Review: Omega Quintet

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Ano­t­her year, ano­t­her Com­pi­le Heart RPG. It seems like you can only go a few mon­ths befo­re ano­t­her of their games is released in one form or ano­t­her. Unfor­tu­n­a­te­ly, Ome­ga Quin­tet is not one of their rare suc­cess sto­ries. Ins­tead, this is ano­t­her bland RPG that should have stay­ed for­got­ten.

Ome­ga Quintet’s sto­ry is fair­ly simp­le, as huma­ni­ty is under attack by mons­ters known as “Bla­re”. The Ver­se Mai­dens, basi­cal­ly a glo­ri­fied idol group, are the only ones with the power to fight the Bla­re. Takt, the prot­ago­nist and child­hood fri­end of the newest Ver­se Mai­den, is forced into beco­m­ing their mana­ger. Asi­de from the idol the­me, the gene­ral set­up is qui­te gene­ric and the sto­ry never beco­mes par­ti­cu­lar­ly inte­res­ting.

The big­gest issue we had with Ome­ga Quin­tet is it’s cast of cha­rac­ters. Of all the peop­le you meet in the game, the­re were only a coup­le that we could actual­ly stand for more than a few minu­tes. The wri­ters somehow mana­ged to make every cha­rac­ter an idi­ot, annoy­ing or some com­bi­na­ti­on of both. This is a far cry from ano­t­her of Com­pi­le Heart’s series, Hyper­di­men­si­on Nep­tu­nia, whe­re sto­ry sce­nes are gene­ral­ly goofy but can still have some charm to them. In Ome­ga Quin­tet, you’ll end up hating the majo­ri­ty of the cast after a few hours at most.

Game­play doesn’t fare much bet­ter eit­her. Explo­ra­ti­on is fair­ly stan­dard, though each mai­den has their own abi­li­ty that can be used to reach new are­as or collect items. Howe­ver this just leads to back­tracking sin­ce you’ll usual­ly not have the right level of abi­li­ty the first time through an area. Being forced to go back through each area is some­thing that hap­pens far too often, eit­her requi­red for side­quests or even for the main sto­ry. The fact that each area is so bland makes pro­gres­sing even more of a cho­re, and that’s wit­hout even men­tio­ning the batt­le sys­tem.

You see, Com­pi­le Heart like to add mecha­nics to the stan­dard turn-based JRPG for­mu­la for bet­ter or wor­se. Like most of their attempts, this has lead to the crea­ti­on of an over­ly com­pli­ca­ted batt­le sys­tem that drags fights out for far lon­ger than necessa­ry. Again, I’m remin­ded of their ear­lier games whe­re unne­cessa­ry and unfun sys­tems were thrown in just to make them look uni­que. Ome­ga Quin­tet ends up fee­ling like a relic of Com­pi­le Heart’s old design phi­lo­so­phy, sin­ce they star­ted to move away from exces­si­ve mecha­nics and tried to keep things simp­le for the most part.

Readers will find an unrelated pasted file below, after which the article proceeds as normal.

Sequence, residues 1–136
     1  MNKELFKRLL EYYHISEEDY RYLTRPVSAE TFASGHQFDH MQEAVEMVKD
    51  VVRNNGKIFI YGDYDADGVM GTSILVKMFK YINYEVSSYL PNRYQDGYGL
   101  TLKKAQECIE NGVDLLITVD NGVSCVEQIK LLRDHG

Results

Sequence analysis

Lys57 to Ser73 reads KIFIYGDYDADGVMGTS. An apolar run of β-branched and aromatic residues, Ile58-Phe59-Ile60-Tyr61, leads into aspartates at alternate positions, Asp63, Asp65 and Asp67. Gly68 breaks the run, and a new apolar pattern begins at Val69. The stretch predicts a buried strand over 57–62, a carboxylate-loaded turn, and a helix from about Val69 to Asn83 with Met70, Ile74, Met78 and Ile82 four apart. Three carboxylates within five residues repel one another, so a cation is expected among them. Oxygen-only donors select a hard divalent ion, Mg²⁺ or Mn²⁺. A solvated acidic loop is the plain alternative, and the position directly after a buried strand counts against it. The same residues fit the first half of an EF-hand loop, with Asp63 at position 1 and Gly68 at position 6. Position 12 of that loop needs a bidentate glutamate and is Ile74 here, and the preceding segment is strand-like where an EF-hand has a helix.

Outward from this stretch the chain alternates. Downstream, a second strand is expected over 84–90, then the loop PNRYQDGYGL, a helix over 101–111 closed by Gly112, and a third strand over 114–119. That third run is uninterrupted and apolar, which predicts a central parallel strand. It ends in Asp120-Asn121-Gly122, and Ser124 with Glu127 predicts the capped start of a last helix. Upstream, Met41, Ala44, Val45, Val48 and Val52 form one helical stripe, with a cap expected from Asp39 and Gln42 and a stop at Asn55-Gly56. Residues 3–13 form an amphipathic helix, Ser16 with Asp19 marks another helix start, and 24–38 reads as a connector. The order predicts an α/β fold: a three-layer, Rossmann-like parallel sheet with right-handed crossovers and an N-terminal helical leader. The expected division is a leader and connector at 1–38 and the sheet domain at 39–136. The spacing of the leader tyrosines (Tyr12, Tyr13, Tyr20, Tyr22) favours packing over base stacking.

One stran­ge fea­ture that doesn’t see much use is the Pro­mo­ti­on Video Sys­tem, or PVS for short. Here you can crea­te custom music vide­os using a varie­ty of dance rou­ti­nes and songs. This mode seems to have a lot of thought put into it, see­min­gly more so than the rest of the game, which makes it even stran­ger that it’s com­ple­te­ly optio­nal out­si­de of a few side­quests. It’s honest­ly con­fu­sing why they made it so detail­ed when the play­er has litt­le moti­va­ti­on to use PVS, and the game’s poor cha­rac­ter models making the music vide­os look pret­ty bad in the first place.

Speaking of cha­rac­ter models, you may have have noti­ced from the screen­shots in this review that Ome­ga Quin­tet is not a par­ti­cu­lar­ly pret­ty game. While being a port of a PS4 game, it looks wor­se than many PS3 launch tit­les. It doesn’t help that visual­ly Ome­ga Quin­tet looks so simi­lar to the ori­gi­nal Hyper­di­men­si­on Nep­tu­nia games, which fur­ther empha­si­ses the over­all lack in gra­phi­cal polish. At least the 2D art used for cha­rac­ter por­traits and event images is nice… it’s a shame you’ll only see it during the ins­a­ne sto­ry sce­nes though.

As for the PC port its­elf, Ome­ga Quin­tet is in line with their other ports. That is to say it runs decent­ly but offers litt­le in the way of cus­to­mi­sa­ti­on opti­ons. One thing worth men­tio­ning is the occa­sio­nal FPS drops we expe­ri­en­ced every now and then, some­thing that we didn’t expect from a game this gra­phi­cal­ly simp­le. It never beco­mes as noti­ce­ab­le as the frame­ra­te pro­blems in ano­t­her of Ghostlight’s recent ports, Lost Dimen­si­on, but the fact that the­re are issu­es at all is unfor­tu­n­a­te.


Ome­ga Quin­tet is an extre­me­ly poor JRPG that has litt­le going for it, even to fans of Com­pi­le Heart’s other series. As more and more good RPGs make their way to the PC, there’s real­ly no rea­son to pick up this port at all.

One comment
  1. Exxoz Zockt

    Dan­ke für die War­nung oder so 🙂 Naja sol­che Spie­le sind halt recht ein­fach pro­du­ziert. Was einem die Hemm­schwel­le nimmt der­ar­ti­ges auf den Markt zu schwem­men ^^

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